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Deep cleanings may be toxic, ineffective; atmosphere greater transmitter of coronavirus than surfaces

"If you’re wiping down an area with a Clorox Wipe that was sprayed with ammonium chloride, you can create a gas called chloramine," Diaz said.

NEW ORLEANS — Businesses have been seen displaying signs that read: "We are closed for deep cleaning."

But environmental experts said they're trying to find out if those "deep cleanings' do more harm than good. Here are some answers about the best way to clean, and why there's a bigger concern about how people get infected with the coronavirus. 

Some health experts said they're concerned, saying the chemicals used by crews to disinfect businesses may be toxic to people and ineffective. Dr. Jim Diaz, professor of public health and head of environmental and occupational health at LSU Health Sciences Center, agrees.

"They have a point because many of these chemicals could be highly toxic especially if they’re combined," Dr. Diaz said.

Dr. Diaz said some cleaning chemicals can cause problems with the eyes, lungs, skin and the nervous system. 

"If you’re wiping down an area with a bleach that was sprayed with ammonium chloride, you can create a gas called chloramine," Dr. Diaz said. 

Dr. Diaz said the virus can live on surfaces for hours or days, so they need to be cleaned especially plastic and stainless steel. Dr. Diaz said people can use either five tablespoons of bleach in a gallon of water to disinfect surfaces; 60% ethyl alcohol or 70% rubbing alcohol would also be effective.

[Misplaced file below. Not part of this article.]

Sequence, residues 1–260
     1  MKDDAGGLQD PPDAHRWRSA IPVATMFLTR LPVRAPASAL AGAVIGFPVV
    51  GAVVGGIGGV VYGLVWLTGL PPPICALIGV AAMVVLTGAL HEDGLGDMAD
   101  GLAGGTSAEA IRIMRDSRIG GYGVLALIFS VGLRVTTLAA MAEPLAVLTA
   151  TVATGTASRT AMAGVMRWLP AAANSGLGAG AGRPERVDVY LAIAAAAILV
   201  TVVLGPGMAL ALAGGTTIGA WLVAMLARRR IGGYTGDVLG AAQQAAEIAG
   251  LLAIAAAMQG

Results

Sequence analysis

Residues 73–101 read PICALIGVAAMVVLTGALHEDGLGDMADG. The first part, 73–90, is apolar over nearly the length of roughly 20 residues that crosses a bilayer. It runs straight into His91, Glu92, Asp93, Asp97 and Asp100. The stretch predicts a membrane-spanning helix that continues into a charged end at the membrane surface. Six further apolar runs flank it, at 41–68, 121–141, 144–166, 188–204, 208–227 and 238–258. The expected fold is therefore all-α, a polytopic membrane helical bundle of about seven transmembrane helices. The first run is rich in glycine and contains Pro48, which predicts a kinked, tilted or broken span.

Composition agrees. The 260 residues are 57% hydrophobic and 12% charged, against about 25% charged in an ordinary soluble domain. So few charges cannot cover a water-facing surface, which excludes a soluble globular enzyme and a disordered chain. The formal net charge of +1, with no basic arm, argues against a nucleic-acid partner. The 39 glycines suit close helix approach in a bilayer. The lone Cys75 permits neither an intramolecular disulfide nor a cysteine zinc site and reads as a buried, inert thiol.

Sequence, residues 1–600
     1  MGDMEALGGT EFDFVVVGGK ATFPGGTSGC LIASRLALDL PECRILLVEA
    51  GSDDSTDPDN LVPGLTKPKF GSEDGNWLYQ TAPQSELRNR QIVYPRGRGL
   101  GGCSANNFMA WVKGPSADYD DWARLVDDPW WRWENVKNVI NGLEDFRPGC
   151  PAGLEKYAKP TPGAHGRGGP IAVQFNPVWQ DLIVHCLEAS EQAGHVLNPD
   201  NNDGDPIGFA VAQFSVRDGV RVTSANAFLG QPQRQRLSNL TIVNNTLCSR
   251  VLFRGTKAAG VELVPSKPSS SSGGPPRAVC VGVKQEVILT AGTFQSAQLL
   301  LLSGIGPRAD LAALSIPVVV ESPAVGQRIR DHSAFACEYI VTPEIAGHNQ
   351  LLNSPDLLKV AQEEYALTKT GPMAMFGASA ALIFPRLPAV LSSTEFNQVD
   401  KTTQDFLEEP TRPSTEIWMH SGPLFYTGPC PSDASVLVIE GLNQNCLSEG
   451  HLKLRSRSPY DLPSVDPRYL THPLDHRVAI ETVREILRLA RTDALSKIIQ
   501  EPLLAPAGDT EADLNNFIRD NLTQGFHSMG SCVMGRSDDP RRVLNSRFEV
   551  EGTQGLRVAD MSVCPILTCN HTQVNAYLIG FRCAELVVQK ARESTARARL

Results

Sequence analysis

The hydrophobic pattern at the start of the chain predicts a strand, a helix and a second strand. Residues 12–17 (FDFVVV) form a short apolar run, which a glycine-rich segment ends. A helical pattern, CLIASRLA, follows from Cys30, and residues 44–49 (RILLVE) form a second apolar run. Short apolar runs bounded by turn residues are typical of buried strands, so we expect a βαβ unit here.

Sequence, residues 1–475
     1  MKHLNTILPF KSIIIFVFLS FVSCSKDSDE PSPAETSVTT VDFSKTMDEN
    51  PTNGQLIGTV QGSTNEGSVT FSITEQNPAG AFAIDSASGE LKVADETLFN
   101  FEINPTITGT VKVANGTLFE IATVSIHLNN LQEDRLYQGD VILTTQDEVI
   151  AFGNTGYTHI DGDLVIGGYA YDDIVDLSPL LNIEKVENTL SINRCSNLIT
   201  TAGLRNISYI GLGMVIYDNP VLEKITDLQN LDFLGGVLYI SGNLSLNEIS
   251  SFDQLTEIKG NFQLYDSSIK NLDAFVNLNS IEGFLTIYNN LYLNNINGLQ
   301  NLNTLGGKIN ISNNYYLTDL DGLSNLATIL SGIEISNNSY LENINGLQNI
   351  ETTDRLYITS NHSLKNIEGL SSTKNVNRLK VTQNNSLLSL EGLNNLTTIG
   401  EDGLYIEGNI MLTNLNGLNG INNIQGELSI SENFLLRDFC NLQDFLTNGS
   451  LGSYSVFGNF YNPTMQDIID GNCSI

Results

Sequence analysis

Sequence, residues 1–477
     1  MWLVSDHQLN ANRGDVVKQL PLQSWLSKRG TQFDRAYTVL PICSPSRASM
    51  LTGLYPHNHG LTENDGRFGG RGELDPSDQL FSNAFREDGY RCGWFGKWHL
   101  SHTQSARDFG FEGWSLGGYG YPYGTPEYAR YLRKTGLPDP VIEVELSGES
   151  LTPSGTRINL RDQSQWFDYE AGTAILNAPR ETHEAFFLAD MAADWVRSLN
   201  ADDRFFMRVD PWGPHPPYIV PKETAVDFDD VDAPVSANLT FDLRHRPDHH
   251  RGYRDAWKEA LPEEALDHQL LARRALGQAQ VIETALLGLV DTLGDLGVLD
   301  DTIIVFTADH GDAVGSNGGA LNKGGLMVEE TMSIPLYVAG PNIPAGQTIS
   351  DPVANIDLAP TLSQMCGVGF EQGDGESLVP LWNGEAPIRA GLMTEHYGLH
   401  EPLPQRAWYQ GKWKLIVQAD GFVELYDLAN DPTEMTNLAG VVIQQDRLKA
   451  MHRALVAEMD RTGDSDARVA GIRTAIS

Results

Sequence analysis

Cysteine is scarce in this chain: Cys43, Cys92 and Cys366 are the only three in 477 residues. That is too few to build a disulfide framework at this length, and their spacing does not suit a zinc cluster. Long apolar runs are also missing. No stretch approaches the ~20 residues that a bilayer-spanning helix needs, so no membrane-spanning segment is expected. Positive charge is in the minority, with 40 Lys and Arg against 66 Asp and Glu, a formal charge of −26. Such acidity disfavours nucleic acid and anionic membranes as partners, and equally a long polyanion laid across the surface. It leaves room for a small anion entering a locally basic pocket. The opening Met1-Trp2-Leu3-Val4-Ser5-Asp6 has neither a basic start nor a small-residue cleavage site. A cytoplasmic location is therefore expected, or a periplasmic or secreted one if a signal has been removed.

"Alcohol is not going to be a problem at any time," Dr. Diaz said. "Alcohol you can spray on your skin. It won’t cause a problem." 

Another issue medical experts and scientists are addressing is how coronavirus spreads through communities, and they're learning that coronavirus spreads more through air — not surfaces, especially indoor air conditioning systems.

"The virus is probably not as communicable on surfaces on inanimate objects as it is in the atmosphere," Dr. Diaz said. "We know that it can remain viable in the atmosphere for up to three hours."

Experts said this is why being outdoors, opening windows, having ventilation filters, wearing a mask, physical distancing, and avoiding close crowds and closed spaces are becoming more and more important in the efforts to limit the spread of coronavirus.

Some people have begun using ultraviolet light as a disinfectant.

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